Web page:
We tested the “world’s smallest full HD spy camera” and it worked surprisingly well

MyBroadband tested an IP camera advertised as the world’s smallest 1080p high-definition spy camera, and it worked almost as well as we expected.

The camera was priced at R630 on Takealot when we bought it. According to Serval Tracker, the camera’s price varies between R594 and R999.

The Takealot page makes several claims aside from being the “world smallest”, including the battery lasting between 6 and 7 hours and taking 3 to 4 hours to charge.

A minimum 4Mbps internet connection is required at all times, and it supports a microSD card up to 32 GB if you wish to record.

The camera arrived in a generic box featuring a dubious ingress protection rating claim of IP66, suggesting the camera is dust-tight and would survive powerful water jets for three minutes.

This is highly implausible as the mainboard is only protected with some heat-shrink.

The camera has three main parts:

  • Camera sensor — The actual camera is only a few millimetres in size. It is attached to the main PCB with a flex cable, allowing the rest of the electronics to be hidden out of sight.
  • Main PCB — The main board that contains all the electronics. This contains the microSD slot, an on/off switch and a microphone.
  • Battery — The battery appears to be a single lithium-polymer cell, which we estimated was slightly bigger than 1Ah. The battery uses a standard JST RCY connector and could easily be replaced.

The camera works much the same as any other IP camera, with a dedicated app that we tested on Android.

The included manual said we should use an app called LookCam, and we had no significant problems with it.

Camera sensor
Main circuit board

We followed the on-screen instructions to set up the app. It worked well even when viewing the camera feed over a mobile connection.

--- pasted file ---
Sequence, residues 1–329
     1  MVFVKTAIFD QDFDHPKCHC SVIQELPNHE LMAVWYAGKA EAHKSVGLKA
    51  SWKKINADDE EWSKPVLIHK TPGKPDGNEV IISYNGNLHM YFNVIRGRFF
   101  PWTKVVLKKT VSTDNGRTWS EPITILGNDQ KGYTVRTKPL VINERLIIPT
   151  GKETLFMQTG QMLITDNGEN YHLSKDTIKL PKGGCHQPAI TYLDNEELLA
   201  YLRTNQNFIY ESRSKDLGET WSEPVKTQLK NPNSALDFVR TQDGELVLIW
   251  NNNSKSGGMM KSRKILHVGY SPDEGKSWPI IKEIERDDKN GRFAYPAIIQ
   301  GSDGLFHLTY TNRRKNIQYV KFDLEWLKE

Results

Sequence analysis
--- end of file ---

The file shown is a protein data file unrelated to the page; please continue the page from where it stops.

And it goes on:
The app does continue running in the background when closed and required a few unusual permissions, so we force-closed it every time after use.

We could easily view the video feed and listen to the microphone through the app.

Recorded video is also available for download from here, but these are simply the videos saved on the SD card and can be accessed by inserting the card into a standard reader.

The video quality was decent and seemed to be actual 1080p, or at least a decent upscaled 720p, but this is difficult to verify.

The recorded videos only seem to be 15.15 fps, instead of the advertised 25, but this is not a big problem for a security camera.

We could easily make out faces on the camera, but reading text a few meters away is difficult.

The field of view is not very big, so the camera would ideally have to be mounted a few meters away from any area of interest.

Reading text from far away was difficult
Nearby cars — models can be made out, but number plates cannot be read
Example video from a further distance

We did not have very high expectations for this device, but it seems ideal for hiding a camera where you have permission to do so.

We tested the battery life by charging it, unplugging it, and checking when the last recording stopped.

We could consistently get between five-and-a-half and 6 hours of battery life, which would be adequate to catch a thief or vandal if they consistently target an area.

One minor fault we found was that the camera stopped recording when it was not connected to a Wi-Fi network.

This was made clear in the product description, which states that the camera requires an Internet connection.

While we cannot confirm if it is actually the smallest full HD camera available, the small camera sensor is unobtrusive while the larger PCB and battery may be hidden further away, making for a clean hidden installation.

Camera hidden inside a desk drawer

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We tested the “world’s smallest full HD spy camera” and it worked surprisingly well